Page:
US says it will defend Israel but would not be part of Iran attack response: Live updates

Editor's Note: This page is a summary of news on the Israel-Hamas war and the Iran attack for Sunday, April 14. For the latest news, view our live updates file for Monday, April 15.

One day after Iran launched a historic missile and drone strike on Israel, the U.S. stressed Sunday that it is committed to defending its longtime ally − but it would not be a part of any responsive action that Prime Minister Benjamin Netanyahu's government could take.

White House national security spokesman John Kirby said the U.S. is not seeking escalation and does not want a war with Iran.

A U.S. official who briefed reporters emphasized the U.S. was not involved in the initial Israeli strike that killed two Iranian commanders in Syria earlier this month and led to Iran's assault on Saturday. The official indicated President Joe Biden sought to take the temperature down in a call with Netanyahu on Sunday night.

Meanwhile, top Israeli officials who huddled Sunday back retaliation but are divided on the method and timing, Reuters reported. Netanyahu's five-member War Cabinet was expected to meet again to weigh a response to the attack, which has ratcheted up global concerns about a wider Mideast war.

War Cabinet Minister Benny Gantz vowed Iran would pay. "We will build a regional coalition and exact the price from Iran in the fashion and timing that is right for us,” Gantz said.

Israel and Iran have long been engaged in a so-called shadow war, with Iran using its proxies − militant groups such as Hezbollah in Lebanon and Yemen's Houthi rebels − to target Israel, which has undertaken targeted assassinations inside Iran.

But the attack marked the first time that Iran directly targeted Israel from its own territory. The assault underscores how the Israel-Hamas war in Gaza, which began with the militants' attacks on Israeli border communities on Oct. 7, risks spilling over into a broader regional conflict.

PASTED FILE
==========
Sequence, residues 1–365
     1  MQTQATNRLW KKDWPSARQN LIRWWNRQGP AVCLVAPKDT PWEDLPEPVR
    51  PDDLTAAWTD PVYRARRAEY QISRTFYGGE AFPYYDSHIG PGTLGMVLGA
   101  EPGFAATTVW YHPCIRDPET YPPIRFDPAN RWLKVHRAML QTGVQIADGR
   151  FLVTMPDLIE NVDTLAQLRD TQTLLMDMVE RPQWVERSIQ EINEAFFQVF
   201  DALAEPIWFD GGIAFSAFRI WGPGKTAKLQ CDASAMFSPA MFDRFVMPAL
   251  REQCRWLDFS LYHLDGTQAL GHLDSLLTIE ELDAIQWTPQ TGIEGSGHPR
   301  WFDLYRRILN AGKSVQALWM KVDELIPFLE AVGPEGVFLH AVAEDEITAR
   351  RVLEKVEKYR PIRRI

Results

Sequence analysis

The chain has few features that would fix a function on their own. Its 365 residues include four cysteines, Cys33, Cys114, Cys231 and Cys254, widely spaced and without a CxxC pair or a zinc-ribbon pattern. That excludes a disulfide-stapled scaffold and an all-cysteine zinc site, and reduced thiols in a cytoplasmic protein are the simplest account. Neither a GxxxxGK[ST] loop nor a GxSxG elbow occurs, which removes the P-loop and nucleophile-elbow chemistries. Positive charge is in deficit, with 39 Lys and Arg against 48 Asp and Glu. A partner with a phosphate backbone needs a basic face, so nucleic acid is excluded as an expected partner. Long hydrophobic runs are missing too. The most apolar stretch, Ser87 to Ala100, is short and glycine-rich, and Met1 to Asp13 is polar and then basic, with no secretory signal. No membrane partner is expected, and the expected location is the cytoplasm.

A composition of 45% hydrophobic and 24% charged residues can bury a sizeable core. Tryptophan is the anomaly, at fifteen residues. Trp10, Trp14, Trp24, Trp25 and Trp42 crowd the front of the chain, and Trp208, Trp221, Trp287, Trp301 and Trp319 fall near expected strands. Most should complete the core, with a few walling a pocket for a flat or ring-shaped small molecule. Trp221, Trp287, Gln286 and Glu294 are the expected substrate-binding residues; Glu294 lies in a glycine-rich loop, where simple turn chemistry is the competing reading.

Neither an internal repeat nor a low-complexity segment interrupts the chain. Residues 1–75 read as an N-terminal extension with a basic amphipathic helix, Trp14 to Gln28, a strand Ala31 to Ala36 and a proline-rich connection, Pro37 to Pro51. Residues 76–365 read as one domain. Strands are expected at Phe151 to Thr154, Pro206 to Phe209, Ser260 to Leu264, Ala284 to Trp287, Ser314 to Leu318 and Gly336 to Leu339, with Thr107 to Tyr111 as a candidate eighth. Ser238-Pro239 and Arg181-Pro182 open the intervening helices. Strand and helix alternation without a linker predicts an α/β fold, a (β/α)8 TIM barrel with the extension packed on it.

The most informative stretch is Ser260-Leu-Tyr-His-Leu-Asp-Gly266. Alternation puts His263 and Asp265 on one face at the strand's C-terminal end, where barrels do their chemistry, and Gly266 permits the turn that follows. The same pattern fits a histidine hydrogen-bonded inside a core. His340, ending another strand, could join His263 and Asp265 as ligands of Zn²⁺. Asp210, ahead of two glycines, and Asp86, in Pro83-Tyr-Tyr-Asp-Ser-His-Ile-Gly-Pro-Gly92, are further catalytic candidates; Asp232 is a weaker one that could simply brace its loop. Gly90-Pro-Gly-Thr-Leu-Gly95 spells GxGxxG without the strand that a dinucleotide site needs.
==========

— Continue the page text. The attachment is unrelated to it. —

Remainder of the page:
Will it spark a wider war? Israel's long-simmering conflict with Iran moves out of the shadows.


∎ U.S. House of Representatives Speaker Mike Johnson told Fox News' "Sunday Morning Futures" program that he would try to pass aid to Israel this week. The White House later confirmed that Biden convened a call Sunday afternoon with Johnson, Senate Majority Leader Chuck Schumer, Senate Minority Leader Mitch McConnell, and House Minority Leader Hakeem Jeffries to discuss the urgent need for the House to pass the national security supplemental as soon as possible.

∎ The Israeli military lifted restrictions early Monday, saying children can return to school. Nationwide restrictions were enacted as Israel went on "high alert" Saturday and prohibited school activities and restricted gatherings to 1,000 people, the Times of Israel reported.

∎ Defense Secretary Lloyd Austin spoke with Israeli Minister of Defense Yoav Gallant on Sunday for the third time this weekend to review the combined operation by the United States, Israel, and their partners to defend Israel from attacks launched from Iranian territory and by Iran's proxies. Austin emphasized that while the United States does not seek escalation, it will continue to take all necessary action to defend Israel and U.S. personnel.

∎ Biden spoke Sunday with Jordan's King Abdullah II and strongly condemned the attack launched by Iran that also threatened Jordan. Both leaders noted that they are monitoring the situation and will remain in close touch over the coming days.

∎ The U.S. and Iran were in contact through Swiss intermediaries both before and after Iran's drone and missile attack, a senior Biden administration official told Reuters on Sunday. The official, who was not named, also said reports that Tehran gave regional countries 72 hours notice of the attacks were not true.